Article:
In October 2018 Patently Apple posted an IP report titled “Apple Working on a Next-Gen Apple Pencil that uses Ultrasonic Transducers to better capture Movement Precision.”
Apple notes that data from Apple Pencil (such as touch, force, orientation, tilt, or the like) could be communicated to the touch screen and use that data to change an output of the display or perform some other operation.
Apple’s patent FIG. 6A below illustrates a next generation Apple Pencil #600 outfitted with a plurality of ultrasonic transducers #610. Each ultrasonic transducer can be configured to transmit and receive ultrasonic waves and in FIG. 6A they’re arranged in a plurality of rows #614.
For more on this you can review our original 2014 IP report here or Apple’s granted patent 10,606,418.
Portable Devices using a Tactile Vibrator
In January 2016 Patently Apple posted a patent application report titled “Apple Invention Covers Haptic System for Apple Watch, Sports Bands and Biometric Monitors,” which illustrated a health-related haptics system for Apple Watch that could also possibly work with a chest strap heart rate monitor. Today the U.S. Patent and Trademark Office officially granted this invention to Apple.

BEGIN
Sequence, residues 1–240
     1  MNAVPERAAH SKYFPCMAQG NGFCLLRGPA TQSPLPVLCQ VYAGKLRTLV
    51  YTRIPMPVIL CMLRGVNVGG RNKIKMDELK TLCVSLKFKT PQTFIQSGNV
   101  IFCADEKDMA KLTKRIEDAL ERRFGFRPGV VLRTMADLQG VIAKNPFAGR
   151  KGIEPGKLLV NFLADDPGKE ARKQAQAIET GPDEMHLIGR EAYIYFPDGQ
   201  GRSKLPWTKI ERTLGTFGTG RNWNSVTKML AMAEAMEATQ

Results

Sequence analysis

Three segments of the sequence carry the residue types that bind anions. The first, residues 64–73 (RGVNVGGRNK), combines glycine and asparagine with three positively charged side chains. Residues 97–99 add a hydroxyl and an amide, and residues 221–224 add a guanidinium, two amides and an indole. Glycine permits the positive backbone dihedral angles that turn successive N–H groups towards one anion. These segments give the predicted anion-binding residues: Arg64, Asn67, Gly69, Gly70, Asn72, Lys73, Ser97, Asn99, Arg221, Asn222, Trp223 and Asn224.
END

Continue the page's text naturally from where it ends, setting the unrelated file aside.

Apple’s granted patent relates to portable electronic devices like an Apple Watch or heart rate monitor strap that could include one or more vibration generating systems (also referred to herein as vibrators or vibration assemblies), which may be configured to generate audible and/or inaudible vibrations.
Apple’s granted patent may be applicable to virtually any consumer electronic product which is designed to come into contact with the user’s skin, including devices which are held by the user, attached to a body part of the user or otherwise placed against the user’s skin. The product need not come in direct contact with the user’s skin as it may be configured to provide tactile feedback through clothing.
Some of this technology has been integrated into the heart rate monitor in Apple Watch (watchOS 6) that delivers “haptic notifications” as noted in Apple’s bottom notes on their support page.
Apple’s granted patent 10,603,690 was originally filed in Q4 2014 and published today by the US Patent and Trademark Office.